12. Interim Summary • History • Definitions • Characteristics, Objectives, & Tactics • US National Policy and Military Policy • Future of Terrorism

    13. Characteristics • Status: Most from middle class backgrounds, with some from extreme wealth • Education: Intelligent and literate, with varying levels of formal education • Age: Operational members aged between 20-35, while suicide bombers tend to be younger • Gender: Most are male but not exclusively so “There’s nothing wrong with being a terrorist, as long as you win.” (Paul Watson, Sea Shepherd Conservation Society)

    14. Objectives of Terrorism • Attract attention for cause • Demonstrate group’s power • Show government’s lack of power • Exact revenge • Obtain logistical support • Cause a government to overreact

    15. Terrorist Planning Cycle 1. Broad target selection: Collection of data on large number of potential targets 2. Intelligence and surveillance: Information gathering on the targets with greatest possibility of success (i.e. schedules, security, layout, etc.) 6. Action: Generally, goal is to get in, get the job done, and get out before security forces can react 7. Escape and exploitation: Escape plans well rehearsed and exploitation of successful attack vital to achieve desired effect 4. Pre-attack surveillance and planning: Quantity and quality of data gathering increases, and usually is gathered over days to weeks 5. Attack rehearsal: Often includes relocation to target site, testing of security responsiveness and escape routes, and checking equipment performance 3. Specific target selection: Decision point!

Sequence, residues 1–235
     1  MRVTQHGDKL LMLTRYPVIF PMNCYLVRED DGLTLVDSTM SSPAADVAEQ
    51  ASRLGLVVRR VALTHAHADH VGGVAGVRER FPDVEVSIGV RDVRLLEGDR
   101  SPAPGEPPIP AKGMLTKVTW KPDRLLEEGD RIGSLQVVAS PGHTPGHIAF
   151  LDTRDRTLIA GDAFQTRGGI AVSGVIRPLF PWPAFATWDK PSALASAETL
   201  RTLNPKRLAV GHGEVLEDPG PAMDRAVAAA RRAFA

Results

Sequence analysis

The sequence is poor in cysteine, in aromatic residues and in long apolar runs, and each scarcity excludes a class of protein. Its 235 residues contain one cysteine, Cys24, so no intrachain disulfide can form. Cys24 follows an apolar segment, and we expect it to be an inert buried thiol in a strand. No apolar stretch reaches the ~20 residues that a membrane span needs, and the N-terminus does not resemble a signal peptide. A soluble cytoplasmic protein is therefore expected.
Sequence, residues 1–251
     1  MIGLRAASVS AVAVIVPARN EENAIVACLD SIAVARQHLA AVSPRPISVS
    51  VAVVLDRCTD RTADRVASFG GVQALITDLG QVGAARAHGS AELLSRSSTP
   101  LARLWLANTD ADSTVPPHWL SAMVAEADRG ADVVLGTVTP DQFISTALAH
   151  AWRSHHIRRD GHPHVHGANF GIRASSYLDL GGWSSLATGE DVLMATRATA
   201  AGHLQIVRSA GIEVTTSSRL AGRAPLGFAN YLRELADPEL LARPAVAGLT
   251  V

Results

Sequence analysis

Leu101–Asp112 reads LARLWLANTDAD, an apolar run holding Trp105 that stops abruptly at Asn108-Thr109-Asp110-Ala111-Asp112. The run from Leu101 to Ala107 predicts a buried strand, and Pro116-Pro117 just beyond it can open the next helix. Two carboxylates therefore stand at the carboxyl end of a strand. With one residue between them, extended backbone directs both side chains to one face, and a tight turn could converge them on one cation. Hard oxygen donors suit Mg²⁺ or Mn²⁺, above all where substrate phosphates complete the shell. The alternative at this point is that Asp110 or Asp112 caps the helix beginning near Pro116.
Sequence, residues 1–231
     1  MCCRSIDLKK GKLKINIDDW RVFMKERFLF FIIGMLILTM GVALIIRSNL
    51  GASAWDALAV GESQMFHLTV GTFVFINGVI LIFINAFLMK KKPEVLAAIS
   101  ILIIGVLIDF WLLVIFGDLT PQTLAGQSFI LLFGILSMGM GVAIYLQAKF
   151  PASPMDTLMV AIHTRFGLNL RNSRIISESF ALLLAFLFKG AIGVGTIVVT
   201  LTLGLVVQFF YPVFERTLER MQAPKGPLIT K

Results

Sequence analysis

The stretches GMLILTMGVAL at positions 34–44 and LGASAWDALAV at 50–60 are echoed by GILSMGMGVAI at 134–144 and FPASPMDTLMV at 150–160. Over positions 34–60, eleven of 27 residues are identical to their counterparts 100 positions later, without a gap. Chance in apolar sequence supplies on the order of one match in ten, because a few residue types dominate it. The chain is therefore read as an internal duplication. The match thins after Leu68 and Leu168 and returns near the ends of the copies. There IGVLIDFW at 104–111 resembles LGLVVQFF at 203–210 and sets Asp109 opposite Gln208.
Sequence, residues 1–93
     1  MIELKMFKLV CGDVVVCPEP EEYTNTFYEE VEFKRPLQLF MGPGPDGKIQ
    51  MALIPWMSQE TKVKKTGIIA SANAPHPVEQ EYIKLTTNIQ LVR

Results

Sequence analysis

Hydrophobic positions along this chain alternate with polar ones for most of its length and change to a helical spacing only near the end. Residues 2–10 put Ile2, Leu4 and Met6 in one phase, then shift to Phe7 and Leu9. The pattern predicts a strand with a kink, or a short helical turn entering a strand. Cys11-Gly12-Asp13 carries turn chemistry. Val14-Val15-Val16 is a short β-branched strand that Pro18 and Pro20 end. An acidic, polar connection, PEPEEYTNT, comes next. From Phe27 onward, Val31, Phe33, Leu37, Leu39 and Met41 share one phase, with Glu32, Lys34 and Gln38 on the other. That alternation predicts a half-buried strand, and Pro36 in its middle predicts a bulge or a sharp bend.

16. Tactics • Seizures • Raids • Sabotage • Threat or Hoax • Use of WMD • Assassination • Arson • Bombing • Hostage taking • Kidnapping • Hijacking “Between now and 2015 terrorist tactics will become increasingly sophisticated and designed to achieve mass casualties.” (National Intelligence Council)

    17. Tactics Egyptian President Anwar al-Sadat (top right) and Israeli Prime Minister Yitzhak Rabin (below) • Assassination: Murder of prominent persons, symbolic enemies, or traitors who defect from the group • Arson: Requires little technical knowledge, poses low risk to terrorist, and can cause significant destruction

    18. Tactics • Bombing: Explosive devices commonly employed in warfare are now an integral part of the terrorist’s arsenal • Oct 1983: Marine barracks in Beirut; 245 were killed and 146 wounded • Oct 2000: Navy destroyer USS Cole attacked, resulting in the death of 17 sailors and 39 injured

    19. Tactics • Improvised explosive device (IED) is the terrorist’s weapon of choice: • Inexpensive to produce • Detonation techniques • Low risk to the perpetrator • Placement/concealment • High attention-getting capacity